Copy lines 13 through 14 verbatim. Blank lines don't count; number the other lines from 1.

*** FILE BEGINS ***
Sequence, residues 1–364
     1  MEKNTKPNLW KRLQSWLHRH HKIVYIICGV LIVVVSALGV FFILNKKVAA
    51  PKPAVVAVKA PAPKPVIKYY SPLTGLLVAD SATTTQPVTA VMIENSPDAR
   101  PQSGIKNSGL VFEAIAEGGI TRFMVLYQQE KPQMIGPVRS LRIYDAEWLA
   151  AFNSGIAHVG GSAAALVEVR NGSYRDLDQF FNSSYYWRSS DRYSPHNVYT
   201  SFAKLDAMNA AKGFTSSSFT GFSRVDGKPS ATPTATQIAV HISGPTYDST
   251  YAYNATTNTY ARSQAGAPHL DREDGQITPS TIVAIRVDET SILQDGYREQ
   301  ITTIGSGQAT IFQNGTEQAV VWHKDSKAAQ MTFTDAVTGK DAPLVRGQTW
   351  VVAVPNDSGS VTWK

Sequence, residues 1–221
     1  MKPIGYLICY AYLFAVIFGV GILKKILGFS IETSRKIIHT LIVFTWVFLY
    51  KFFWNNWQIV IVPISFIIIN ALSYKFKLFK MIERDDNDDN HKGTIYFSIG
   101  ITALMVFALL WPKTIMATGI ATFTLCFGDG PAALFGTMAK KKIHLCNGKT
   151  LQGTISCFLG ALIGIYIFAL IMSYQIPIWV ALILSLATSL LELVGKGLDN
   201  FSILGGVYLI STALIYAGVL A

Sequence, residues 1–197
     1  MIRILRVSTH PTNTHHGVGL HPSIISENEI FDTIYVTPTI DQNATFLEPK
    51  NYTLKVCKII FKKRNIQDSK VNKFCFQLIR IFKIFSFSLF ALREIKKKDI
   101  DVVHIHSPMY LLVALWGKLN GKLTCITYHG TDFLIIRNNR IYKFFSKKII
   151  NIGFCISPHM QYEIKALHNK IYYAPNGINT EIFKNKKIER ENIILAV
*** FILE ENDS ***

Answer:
   101  ITALMVFALL WPKTIMATGI ATFTLCFGDG PAALFGTMAK KKIHLCNGKT
   151  LQGTISCFLG ALIGIYIFAL IMSYQIPIWV ALILSLATSL LELVGKGLDN